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43 private hospitals miss deadline for reporting drug prices

43 private hospitals miss deadline for reporting drug prices

THURSDAY, August 08, 2019
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The Internal Trade Department will summon 43 private hospital to testify after they failed to meet a deadline to report their drug price lists to the department.

Wichai Photchanakij, director general of the department, said 43 out of 353 private hospitals nationwide failed to meet the July 31 deadline.
He said the committee controlling the median prices for goods and services issued order No 52 requiring that hospitals report their lists of the medications they are buying and selling, along with their prices, to the Internal Trade Department within July 31.
Wichai said the department is now in the process of sending summons orders to the 43 hospitals to explain why they have not produced the required reports.
Wichai said the department is empowered under the 1999 Goods and Services’ Prices Act.
He said if the 43 hospitals, of large, medium and small sizes, ignore the summons, their management could face a jail term of three months, a fine of no more than Bt5,000, or both.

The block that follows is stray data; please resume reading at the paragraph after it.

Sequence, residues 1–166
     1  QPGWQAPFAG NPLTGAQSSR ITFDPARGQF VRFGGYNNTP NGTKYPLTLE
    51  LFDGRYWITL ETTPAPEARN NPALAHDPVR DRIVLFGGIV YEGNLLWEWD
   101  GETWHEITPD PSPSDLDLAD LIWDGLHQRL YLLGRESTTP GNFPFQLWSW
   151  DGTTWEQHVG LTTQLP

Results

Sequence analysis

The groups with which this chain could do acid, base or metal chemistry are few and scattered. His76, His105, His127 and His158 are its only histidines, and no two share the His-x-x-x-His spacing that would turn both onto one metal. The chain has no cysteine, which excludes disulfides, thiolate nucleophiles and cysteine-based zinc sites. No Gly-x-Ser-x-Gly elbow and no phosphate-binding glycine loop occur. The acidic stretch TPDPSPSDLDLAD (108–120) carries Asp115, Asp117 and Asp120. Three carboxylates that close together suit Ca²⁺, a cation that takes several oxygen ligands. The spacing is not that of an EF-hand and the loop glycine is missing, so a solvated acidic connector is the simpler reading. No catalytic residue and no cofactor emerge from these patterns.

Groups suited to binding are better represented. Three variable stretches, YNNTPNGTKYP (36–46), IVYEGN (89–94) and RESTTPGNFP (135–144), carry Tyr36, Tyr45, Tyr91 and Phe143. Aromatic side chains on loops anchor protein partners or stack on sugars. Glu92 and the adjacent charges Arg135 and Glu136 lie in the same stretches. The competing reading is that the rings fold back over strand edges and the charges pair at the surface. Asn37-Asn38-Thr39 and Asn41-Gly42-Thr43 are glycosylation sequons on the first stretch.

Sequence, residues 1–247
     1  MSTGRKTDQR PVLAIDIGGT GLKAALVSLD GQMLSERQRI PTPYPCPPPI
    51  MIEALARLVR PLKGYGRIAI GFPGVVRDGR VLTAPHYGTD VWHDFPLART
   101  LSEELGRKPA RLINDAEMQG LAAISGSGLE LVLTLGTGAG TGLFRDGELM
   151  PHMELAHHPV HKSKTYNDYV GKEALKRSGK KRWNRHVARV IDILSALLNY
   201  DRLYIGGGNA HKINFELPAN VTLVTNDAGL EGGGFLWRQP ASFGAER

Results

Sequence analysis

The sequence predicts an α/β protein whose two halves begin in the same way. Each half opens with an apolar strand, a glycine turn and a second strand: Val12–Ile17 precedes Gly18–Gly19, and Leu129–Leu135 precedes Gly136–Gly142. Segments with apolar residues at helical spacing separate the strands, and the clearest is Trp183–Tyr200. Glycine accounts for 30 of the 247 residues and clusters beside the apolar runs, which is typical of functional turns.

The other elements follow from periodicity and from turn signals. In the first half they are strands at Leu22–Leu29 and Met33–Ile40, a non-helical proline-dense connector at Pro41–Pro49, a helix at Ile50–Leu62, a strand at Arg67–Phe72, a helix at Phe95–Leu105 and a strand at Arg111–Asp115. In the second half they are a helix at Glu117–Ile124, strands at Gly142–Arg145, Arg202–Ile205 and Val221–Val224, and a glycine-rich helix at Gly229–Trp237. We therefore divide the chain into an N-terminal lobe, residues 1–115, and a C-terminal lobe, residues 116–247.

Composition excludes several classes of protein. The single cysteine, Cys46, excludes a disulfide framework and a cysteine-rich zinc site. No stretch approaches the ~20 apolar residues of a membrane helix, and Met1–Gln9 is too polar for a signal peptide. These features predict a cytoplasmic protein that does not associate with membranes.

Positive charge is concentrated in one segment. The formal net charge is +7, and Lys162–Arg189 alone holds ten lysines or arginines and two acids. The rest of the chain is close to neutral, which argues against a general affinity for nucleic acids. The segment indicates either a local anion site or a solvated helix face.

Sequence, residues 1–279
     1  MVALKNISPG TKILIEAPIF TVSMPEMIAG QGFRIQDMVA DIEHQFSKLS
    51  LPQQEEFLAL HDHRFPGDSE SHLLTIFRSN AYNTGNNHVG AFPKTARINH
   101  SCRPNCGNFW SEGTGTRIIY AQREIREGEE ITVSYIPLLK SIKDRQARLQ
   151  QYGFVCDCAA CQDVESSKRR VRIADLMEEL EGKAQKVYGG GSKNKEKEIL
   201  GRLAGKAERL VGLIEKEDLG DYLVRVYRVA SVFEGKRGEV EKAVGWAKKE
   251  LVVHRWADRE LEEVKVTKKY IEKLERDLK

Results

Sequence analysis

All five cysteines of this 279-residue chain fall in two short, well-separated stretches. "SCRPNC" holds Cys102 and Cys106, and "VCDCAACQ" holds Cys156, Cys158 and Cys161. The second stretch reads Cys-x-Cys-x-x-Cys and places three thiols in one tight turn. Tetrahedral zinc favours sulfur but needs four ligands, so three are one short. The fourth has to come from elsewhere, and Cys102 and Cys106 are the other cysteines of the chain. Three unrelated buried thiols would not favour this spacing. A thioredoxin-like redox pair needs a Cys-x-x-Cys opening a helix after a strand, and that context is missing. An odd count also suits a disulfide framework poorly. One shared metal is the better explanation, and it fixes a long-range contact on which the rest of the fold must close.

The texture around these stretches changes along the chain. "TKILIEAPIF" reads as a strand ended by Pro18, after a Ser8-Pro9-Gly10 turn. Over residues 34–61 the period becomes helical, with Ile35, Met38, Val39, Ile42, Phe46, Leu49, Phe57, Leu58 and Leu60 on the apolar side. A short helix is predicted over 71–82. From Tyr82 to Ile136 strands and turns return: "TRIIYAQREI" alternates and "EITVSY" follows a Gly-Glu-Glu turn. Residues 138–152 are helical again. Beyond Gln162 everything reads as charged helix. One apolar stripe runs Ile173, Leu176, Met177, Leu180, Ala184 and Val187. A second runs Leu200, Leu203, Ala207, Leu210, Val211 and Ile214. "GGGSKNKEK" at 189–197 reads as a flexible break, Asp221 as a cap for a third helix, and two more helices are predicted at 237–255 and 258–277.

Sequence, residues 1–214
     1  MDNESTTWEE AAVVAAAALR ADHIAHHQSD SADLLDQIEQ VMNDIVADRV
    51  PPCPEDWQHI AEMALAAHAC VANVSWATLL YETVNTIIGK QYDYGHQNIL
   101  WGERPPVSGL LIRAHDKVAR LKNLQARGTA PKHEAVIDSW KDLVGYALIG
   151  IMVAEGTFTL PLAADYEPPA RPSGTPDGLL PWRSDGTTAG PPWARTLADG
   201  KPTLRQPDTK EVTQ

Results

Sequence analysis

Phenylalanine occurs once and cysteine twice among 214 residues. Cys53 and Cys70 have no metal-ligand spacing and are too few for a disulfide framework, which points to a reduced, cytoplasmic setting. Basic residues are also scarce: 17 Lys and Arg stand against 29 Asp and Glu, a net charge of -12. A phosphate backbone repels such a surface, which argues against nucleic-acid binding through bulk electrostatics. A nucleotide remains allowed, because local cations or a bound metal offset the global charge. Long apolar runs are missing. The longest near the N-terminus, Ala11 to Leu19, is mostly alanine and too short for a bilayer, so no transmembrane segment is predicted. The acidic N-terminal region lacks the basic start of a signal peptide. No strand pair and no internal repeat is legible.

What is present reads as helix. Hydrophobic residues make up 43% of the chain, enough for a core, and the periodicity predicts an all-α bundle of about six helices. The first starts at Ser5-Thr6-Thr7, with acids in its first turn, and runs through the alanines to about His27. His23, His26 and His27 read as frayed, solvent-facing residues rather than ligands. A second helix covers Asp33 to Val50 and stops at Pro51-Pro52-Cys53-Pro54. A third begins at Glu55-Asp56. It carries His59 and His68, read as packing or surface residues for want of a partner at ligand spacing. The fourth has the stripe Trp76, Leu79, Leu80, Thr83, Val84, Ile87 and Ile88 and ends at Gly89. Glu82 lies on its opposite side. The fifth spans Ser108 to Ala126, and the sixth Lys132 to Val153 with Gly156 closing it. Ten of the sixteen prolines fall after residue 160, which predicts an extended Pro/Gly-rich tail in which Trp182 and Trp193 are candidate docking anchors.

He said a hospital that refuses to display a list of the price it charges for medications will be subject to a jail term of no longer than one year, a fine of no more than Bt20,000, or both. The management would also be subject to a daily fine of Bt2,000 until the price list is declared.
Wichai said the department would publish the price lists on its website and compile QR codes for hospitals to paste on their boards or in public spots for patients to compare prices lists.
Sakon Waranyu, chairman of the Trade Competition Commission, said the commission is studying the business structures of all hospitals nationwide to see whether certain hospitals are colluding to create unfair competitions.
If certain hospitals are found to be colluding to fix prices of medication or medical services to cause damage to their rivals, they will be deemed as violating the Trade Competition Act of 2017 and fined at the rate of 10 per cent of the damage caused, Sakon said.